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Controlling Animal Behavior Through Heated Nanoparticles

By Conan Milner
Epoch Times Staff
Created: July 26, 2010 Last Updated: July 26, 2010
Related articles: Technology » Special Section
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Doctoral student Heng Huang (right) and physics professor Arnd Pralle recently discovered a method to make worms reverse course using heated, magnetic nanoparticles. (Courtesy of University of Buffalo.)

Doctoral student Heng Huang (right) and physics professor Arnd Pralle recently discovered a method to make worms reverse course using heated, magnetic nanoparticles. (Courtesy of University of Buffalo.)

Imagine the power to remotely control the behavior of another being. It sounds like science fiction, but researchers at the University of Buffalo (UB) recently demonstrated that they can indeed stimulate cells to manipulate the movements of tiny worms.

Utilizing clusters of heated, magnetic nanoparticles, scientists targeted cell membranes which allowed them to remotely control ion channels, neurons, and even animal behavior. Their findings were published earlier this month in Nature Nanotechnology.

“By developing a method that allows us to use magnetic fields to stimulate cells both in vitro and in vivo, this research will help us unravel the signaling networks that control animal behavior,” said Arnd Pralle, PhD, assistant professor of physics in the UB College of Arts and Sciences and senior/corresponding author on the paper in a press release.

The method for control involves exposing a cell membrane to a radiofrequency magnetic field that researchers say is comparable to an MRI. The magnetic field heats the nanoparticles within the organism thus stimulating the cell. With these stimulated cells scientists discovered that the worms (they used small nematodes, C. elegans) reversed course once their temperature reached 93.2 degrees Fahrenheit—the same threshold that in nature provokes an avoidance response, according to Pralle.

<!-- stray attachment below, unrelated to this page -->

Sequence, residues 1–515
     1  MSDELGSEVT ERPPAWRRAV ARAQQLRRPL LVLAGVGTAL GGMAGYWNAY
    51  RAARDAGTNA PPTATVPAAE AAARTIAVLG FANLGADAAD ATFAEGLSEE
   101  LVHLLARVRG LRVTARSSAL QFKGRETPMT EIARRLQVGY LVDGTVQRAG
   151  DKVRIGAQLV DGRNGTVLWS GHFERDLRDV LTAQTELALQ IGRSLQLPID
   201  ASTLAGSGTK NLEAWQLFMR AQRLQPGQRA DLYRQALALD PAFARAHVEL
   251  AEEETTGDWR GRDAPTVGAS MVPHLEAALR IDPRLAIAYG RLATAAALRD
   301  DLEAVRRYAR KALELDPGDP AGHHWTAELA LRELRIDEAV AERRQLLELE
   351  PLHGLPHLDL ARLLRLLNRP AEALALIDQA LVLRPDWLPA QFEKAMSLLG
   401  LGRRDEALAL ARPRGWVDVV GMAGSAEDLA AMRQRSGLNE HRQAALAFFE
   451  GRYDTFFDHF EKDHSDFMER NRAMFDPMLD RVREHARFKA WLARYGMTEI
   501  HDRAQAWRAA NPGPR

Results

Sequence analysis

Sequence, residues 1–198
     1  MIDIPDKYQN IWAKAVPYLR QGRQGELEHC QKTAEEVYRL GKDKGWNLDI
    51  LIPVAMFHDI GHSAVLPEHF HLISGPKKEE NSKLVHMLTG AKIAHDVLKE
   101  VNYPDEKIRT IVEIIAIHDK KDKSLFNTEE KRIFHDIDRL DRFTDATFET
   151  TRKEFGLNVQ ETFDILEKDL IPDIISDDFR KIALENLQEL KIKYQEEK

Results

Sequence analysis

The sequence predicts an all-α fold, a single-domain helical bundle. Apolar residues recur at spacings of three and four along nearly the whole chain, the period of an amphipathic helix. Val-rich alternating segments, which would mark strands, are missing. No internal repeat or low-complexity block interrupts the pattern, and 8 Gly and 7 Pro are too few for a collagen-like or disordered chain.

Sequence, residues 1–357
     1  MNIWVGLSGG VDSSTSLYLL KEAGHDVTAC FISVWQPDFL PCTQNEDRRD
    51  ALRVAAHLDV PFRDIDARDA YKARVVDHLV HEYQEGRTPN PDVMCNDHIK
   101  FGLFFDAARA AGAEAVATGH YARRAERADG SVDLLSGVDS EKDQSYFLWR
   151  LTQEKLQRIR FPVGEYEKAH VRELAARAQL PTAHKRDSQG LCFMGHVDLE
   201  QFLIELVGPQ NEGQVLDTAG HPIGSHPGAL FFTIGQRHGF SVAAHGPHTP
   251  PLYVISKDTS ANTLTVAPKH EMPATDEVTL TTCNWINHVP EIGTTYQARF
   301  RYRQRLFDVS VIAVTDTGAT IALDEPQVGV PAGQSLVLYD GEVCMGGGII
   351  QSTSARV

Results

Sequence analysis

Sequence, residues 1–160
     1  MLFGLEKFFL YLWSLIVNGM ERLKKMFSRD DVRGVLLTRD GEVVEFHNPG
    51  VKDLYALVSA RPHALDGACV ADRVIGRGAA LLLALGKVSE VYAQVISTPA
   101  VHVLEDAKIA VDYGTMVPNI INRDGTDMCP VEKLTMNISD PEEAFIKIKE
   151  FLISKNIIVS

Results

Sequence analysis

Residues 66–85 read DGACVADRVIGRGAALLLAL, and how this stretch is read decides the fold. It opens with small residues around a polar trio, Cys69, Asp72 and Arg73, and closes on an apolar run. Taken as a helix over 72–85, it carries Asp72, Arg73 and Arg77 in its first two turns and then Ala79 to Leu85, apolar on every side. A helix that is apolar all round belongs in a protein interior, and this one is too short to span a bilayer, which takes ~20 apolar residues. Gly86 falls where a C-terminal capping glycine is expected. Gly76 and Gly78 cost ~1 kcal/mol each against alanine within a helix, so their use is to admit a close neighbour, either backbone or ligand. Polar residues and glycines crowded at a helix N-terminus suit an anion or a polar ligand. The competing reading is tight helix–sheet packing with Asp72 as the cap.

Targeting nanoparticles near the mouth of the worms, researchers revealed evidence for their technique in a short video. At the beginning of the clip the worms are seen crawling around of their own volition. When the magnetic field is switched on, most of the worms immediately change course.

Precise temperature is an important factor in this experiment, and researchers admit that little is still known about heat conduction in tissue at the nanoscale.

However, the research team notes that their method allows them to only heat up the cell membrane and avoid killing the cell. Although the cell membrane gets heated, the temperature inside the cell doesn’t change.

UB researchers even developed a special fluorescent probe that could measure when nanoparticles were heated to the target temperature—93.2 degrees F.

“The fluorescence intensity indicates the change in temperature,” explained Pralle. “It’s kind of a nanoscale thermometer and could allow scientists to more easily measure temperature changes at the nanoscale.”

At just six nanometers these tiny nanoparticles can easily diffuse between cells. Once exposed to the magnetic field, researchers noted that the cells were activated uniformly across a large area. This is evidence that the method can also be used in whole body applications, according to the UB report.

Pralle believes that these whole-animal studies could produce innovative new pharmaceuticals to treat conditions such as neurological disorders resulting from insufficient neuro-stimulation.

Researchers say the next step is finding other behaviors that can be controlled in this way.

See a video of the experiment here: http://www.youtube.com/watch?v=u9MqrLcLaCk




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